The opinions expressed by Entrepreneur contributors are their own.
I spend all my workdays as a Customer Service Advisor and Transformation Associate expertto help businesses large and small improve and transform the level of their customer service.
But a valid question is: why is it so valuable from a business perspective to provide exceptional customer service? And is it worth the investment (in time and attention) when other business challenges and opportunities require your attention?
Related: This overlooked leadership trait makes all the difference in your ability to engage an audience
Beware of the deadly commercialization zone
Well, not to get too cocky, it’s highly unlikely that your company or brand offering is entirely unique. Most companies are much closer to the resource dead zone than anyone in those companies realizes. The chances are good, and unfortunately it affects you too.
What is the commercialization zone? It’s one of the scariest places to run a business. Then your company will be seen as more or less interchangeable with the competition. This happens when your current customers are happy to switch to one of your competitors for a variety of insignificant reasons:
- A slightly lower price
- A slightly faster site
- A shinier app
- A slightly more convenient location
Or sometimes for no apparent reason!
Related: 10 ways competition can improve your business
Escape the deadly commercialization zone!
Luckily, there’s a way to prevent your brand from becoming a commodity in the eyes of the marketplace — replaceable, interchangeable. This solution is exceptional customer service.
Build such a strong reputation for excellent customer service and such a strong bond with every customer you come into contact with that your service becomes a differentiator, a lifeline and ultimately a powerful engine of growth.
And you never have to worry about being considered a commodity again.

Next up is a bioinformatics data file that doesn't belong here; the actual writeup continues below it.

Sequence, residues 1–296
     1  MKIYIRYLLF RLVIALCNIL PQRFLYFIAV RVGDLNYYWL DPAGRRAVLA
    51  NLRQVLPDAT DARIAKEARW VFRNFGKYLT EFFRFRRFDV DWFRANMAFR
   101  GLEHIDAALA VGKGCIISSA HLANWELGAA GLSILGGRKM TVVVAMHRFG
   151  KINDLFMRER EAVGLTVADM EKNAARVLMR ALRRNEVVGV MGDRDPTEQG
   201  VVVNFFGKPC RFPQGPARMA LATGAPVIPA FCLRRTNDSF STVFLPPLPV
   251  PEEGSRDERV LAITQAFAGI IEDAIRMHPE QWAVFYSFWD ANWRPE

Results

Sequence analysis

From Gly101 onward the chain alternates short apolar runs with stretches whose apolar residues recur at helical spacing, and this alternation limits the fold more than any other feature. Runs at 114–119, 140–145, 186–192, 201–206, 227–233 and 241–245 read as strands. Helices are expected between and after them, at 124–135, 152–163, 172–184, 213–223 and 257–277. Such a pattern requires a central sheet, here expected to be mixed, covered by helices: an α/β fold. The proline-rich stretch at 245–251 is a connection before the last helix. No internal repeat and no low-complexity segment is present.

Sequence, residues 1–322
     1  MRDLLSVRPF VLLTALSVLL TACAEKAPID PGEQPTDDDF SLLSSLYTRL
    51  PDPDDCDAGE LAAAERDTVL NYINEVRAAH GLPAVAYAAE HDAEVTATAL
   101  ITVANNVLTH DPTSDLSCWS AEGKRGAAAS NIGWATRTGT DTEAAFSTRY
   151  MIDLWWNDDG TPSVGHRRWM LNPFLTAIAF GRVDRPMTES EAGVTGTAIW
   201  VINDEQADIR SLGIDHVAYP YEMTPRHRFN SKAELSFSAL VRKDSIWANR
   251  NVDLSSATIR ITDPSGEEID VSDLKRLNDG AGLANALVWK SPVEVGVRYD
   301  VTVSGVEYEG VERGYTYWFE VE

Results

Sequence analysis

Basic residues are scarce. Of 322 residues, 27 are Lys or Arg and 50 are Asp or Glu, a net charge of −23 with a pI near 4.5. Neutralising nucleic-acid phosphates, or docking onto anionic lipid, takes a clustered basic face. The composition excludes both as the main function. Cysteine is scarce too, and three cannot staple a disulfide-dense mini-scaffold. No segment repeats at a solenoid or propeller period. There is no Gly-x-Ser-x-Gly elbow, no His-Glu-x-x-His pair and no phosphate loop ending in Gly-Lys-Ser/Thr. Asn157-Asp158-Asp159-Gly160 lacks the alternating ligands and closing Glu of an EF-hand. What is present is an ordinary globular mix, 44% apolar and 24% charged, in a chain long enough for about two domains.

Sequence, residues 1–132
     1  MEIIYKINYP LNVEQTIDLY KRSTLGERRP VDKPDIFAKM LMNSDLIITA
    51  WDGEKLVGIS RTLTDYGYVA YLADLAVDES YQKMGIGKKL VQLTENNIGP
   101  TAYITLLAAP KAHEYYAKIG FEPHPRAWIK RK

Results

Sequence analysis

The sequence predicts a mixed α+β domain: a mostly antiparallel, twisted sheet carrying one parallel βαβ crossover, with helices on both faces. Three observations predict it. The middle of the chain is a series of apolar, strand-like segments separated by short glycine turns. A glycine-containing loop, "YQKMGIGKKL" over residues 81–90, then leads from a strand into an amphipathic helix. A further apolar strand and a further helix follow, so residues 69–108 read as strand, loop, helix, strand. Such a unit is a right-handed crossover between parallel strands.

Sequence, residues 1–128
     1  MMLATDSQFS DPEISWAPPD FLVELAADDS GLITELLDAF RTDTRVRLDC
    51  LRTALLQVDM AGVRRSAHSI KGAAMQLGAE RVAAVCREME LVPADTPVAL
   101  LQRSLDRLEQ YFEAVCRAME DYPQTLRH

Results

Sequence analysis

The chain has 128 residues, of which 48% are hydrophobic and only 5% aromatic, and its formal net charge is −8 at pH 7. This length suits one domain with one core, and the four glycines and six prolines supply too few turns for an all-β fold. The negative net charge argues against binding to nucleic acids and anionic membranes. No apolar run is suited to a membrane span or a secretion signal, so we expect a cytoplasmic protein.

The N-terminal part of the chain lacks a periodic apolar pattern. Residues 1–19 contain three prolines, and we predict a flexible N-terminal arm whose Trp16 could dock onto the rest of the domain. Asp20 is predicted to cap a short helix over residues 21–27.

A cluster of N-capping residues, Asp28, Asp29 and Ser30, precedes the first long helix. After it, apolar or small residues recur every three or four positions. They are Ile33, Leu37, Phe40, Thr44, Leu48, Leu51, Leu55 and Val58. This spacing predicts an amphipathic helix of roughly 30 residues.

The long-term, lasting benefits of exceptional customer service
A great customer experience leads to numerous positive outcomes for your business and most importantly, creating passionate, loyal customers. Passionate, loyal customers are less price sensitive, more interested in new products, services, or brand enhancements you might introduce in the future, and more understanding when things go wrong. This is true. I promise! When you’ve done so much and so well for your customers, you reach a state where the little mistakes—and even the occasional big mistake—are viewed in a better, more forgiving light.
A loyal customer is your best form of marketing
There is nothing more powerful in growing a business than the ambassadorship of customers who are so engaged and activated that they make it their mission to spread the good word about your business: crusaders for your brand, who share their passion for your business They share their online connections and real contacts.
Related Topics: 3 Essentials for Building a Loyal Customer Base
The advantage of the excellent customer support is almost forgery-proof
Unlike other business characteristics – low cost, faster speed, location – exceptional customer service is almost tamper-proof. Why? It takes time and focus to become legendary in customer service and customer experience. And when you get there, trust me: the chances of your competition emulating this are very slim.
There’s another benefit you’ll feel right away as you delve into the work we do together. Even before you reach the state of customer activation, loyalty, and ambassadorship I just promised, you will personally see the benefits of your new approach. You will find that you strengthen relationships within your organization and find that your work becomes more enjoyable and rewarding.
How to set out on your journey to providing the highest level of customer service
The journey to delivering exceptional, iconic, and loyalty-building customer service begins with a single step: Make the decision. Choose to put the customer first.
If you decide to put the customer at the center of your approach:
- business decision
- Customer interaction (including things you consider “trivial” like your choice of words and the phrasing you use for them)
- in every hiring decision (Are you hiring people who tend to have empathy? Or are you just hiring based on existing skills and experience?)
- Any staffing/coverage decision, etc., you’re on the right track.
Come in addition:
- Proper customer service training, whether in person or via e-learning (this needs to start with onboarding and continue throughout the life of an employee in your organization)
- Creation and dissemination of customer service standards (best practices) and
- a program and a plan to sustain your new momentum—and you’ll move mountains.